Friday, 11 August 2017

Album: Arvo Party - Arvo Party

Arvo Party Album


Info: Little is known about electronic act Arvo Party, other than that he is from Belfast, and to be honest, I'm not sure that in the context of appreciating his new self-titled album which was released last month, it really matters. It speaks for itself.

'Pye' drops us off lightly, waiting on an underground platform, alone, for a train that may or may not arrive, twinkling in the darkness of the tunnel are stars, suddenly, something is coming. That would be 'Longitude / Latitude', a stick clicks in tandem with a thick low-humming bass-line and shaker. Now we have movement and are no longer stationary, again the pace is slow, but there's greater intensity building. As the track develops there are multiple streams of sonic beats twirling individually but together, it's like Paul Kalkbrenner, Moby and Eno all stirring together in the same pot, and across 9-plus minutes it never gets tired.

'Zoso' echoes a classic piano recital running out of energy and fading, it's escapist and reservedly humble in terms of the feeling it emits. That sense of calm is quickly replaced in the form of fourth track 'Null Set'. Whirring mechanical effects become dwarfed by a superb disco-funk electronic beat รก la Maceo Plex, this is an 80's synth homage fully comfortable and confident in its own skin, and it's masterful.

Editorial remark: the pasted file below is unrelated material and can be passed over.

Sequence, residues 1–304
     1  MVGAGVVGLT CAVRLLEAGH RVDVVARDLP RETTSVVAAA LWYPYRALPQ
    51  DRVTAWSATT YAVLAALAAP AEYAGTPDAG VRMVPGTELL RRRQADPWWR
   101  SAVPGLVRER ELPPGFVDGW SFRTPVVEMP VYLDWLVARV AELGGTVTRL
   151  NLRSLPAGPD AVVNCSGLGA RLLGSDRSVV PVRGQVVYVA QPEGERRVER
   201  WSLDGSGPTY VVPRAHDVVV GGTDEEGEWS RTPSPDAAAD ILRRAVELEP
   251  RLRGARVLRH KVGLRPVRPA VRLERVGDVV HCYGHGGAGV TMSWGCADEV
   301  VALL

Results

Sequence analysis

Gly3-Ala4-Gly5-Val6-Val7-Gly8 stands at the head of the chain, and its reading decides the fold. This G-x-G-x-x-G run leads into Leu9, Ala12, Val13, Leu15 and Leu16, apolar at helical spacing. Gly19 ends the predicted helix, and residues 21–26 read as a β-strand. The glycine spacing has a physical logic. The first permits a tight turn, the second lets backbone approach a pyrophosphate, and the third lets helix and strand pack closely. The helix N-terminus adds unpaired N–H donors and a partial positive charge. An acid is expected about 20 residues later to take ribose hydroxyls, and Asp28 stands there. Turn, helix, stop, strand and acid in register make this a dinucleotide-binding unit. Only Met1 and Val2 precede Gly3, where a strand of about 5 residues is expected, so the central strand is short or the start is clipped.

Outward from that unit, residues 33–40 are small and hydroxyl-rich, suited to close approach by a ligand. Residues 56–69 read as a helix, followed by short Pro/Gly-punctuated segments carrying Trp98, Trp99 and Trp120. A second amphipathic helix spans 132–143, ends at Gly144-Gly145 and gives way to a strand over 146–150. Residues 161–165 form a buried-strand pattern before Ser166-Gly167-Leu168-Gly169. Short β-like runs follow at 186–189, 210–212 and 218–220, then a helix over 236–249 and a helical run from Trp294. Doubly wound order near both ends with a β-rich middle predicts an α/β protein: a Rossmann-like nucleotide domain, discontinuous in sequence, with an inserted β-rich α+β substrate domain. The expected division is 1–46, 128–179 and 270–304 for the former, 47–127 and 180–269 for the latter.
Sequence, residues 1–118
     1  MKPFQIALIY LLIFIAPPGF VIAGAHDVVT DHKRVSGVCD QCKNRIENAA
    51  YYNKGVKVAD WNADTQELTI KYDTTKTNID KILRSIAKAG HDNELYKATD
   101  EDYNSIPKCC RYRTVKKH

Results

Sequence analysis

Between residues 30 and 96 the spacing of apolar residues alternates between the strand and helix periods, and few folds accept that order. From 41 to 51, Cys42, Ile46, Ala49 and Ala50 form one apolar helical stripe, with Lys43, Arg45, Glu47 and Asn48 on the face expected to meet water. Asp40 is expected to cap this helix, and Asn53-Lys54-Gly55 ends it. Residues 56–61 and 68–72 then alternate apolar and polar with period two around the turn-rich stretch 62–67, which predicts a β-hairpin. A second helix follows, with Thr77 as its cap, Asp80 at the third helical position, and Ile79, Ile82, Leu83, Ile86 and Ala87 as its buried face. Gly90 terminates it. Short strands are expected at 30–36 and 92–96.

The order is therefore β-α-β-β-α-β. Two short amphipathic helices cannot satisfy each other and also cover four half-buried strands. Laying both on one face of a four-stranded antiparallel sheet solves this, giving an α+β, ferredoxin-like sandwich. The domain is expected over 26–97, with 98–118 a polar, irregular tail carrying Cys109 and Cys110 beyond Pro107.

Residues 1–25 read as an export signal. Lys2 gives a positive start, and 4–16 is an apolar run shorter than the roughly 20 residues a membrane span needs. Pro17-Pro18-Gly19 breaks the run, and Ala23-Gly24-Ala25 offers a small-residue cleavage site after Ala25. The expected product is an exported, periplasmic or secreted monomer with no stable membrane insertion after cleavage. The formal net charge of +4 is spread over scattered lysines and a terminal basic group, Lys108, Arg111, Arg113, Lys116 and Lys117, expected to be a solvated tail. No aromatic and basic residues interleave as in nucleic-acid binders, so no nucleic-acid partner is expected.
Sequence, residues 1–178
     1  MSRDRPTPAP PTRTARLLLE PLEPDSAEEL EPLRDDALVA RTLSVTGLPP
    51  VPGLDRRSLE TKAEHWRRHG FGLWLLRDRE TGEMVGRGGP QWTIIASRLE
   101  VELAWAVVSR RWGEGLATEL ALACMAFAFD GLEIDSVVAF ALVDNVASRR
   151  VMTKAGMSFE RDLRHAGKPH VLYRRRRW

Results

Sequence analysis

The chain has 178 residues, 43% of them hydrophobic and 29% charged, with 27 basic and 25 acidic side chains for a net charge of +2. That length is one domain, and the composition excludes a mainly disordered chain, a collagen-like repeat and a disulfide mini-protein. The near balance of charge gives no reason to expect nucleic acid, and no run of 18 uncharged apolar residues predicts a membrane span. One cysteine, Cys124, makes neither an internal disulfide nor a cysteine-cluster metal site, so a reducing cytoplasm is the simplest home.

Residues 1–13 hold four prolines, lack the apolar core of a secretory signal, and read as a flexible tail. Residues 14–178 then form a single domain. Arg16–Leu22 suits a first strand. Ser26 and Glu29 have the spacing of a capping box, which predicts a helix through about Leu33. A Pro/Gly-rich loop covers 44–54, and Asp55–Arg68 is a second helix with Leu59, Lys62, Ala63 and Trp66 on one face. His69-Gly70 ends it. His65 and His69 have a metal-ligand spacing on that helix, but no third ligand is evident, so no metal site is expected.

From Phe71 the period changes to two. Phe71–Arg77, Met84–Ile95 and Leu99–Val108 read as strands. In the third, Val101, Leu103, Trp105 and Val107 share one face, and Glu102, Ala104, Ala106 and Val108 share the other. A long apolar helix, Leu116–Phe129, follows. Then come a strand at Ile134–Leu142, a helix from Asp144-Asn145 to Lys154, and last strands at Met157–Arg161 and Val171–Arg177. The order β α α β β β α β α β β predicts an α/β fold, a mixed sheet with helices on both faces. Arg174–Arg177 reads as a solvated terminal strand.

By the time you've reached '155bpm', you are full of expectation as to what Arvo Party might put under the hood of such a title. Nothing is given freely however, and the tracks first 60 seconds holds you in suspense, small changes of tempo act as a barrier before it's chaotic and disorientating ending. A small but probably (maybe) unintentional pattern emerges, with 'Z-Reprise' you notice Arvo Party is providing the listener with time to digest on every second track, before firmly entering the driving seat again.

Eighth track 'Grube' draws on house and dub-step influences, with synths warping themselves almost uncomfortably around the beat. Approaching the three-minute mark we have the take off we've had dangled in front of us since the opening track. It's quite a powerful moment on the album with energy fully moving from recording to listener, here Arvo Party becomes a chemist successfully mixing sounds to maximise their potency.

After the uncanny atmosphere of 'Hydraulis Bellow' we have 'Thirty Five', it's like an orchestra of the dead, playing symphonies that the rest of us can't and never will hear, in a deep cavern underneath the underworld, its simplicity is its unfolding beauty. The album closes with 'Wasted Days & Sleepless Nights', equally if not moreso haunting than its predecessor, in its final third it sounds like a bellows, a strange yet calming end to a majestical album. Easily one of this years most creative and best Irish electronic albums.

And c'mere, while I have you there, listen to this;

Arvo Party - Chevy Chase


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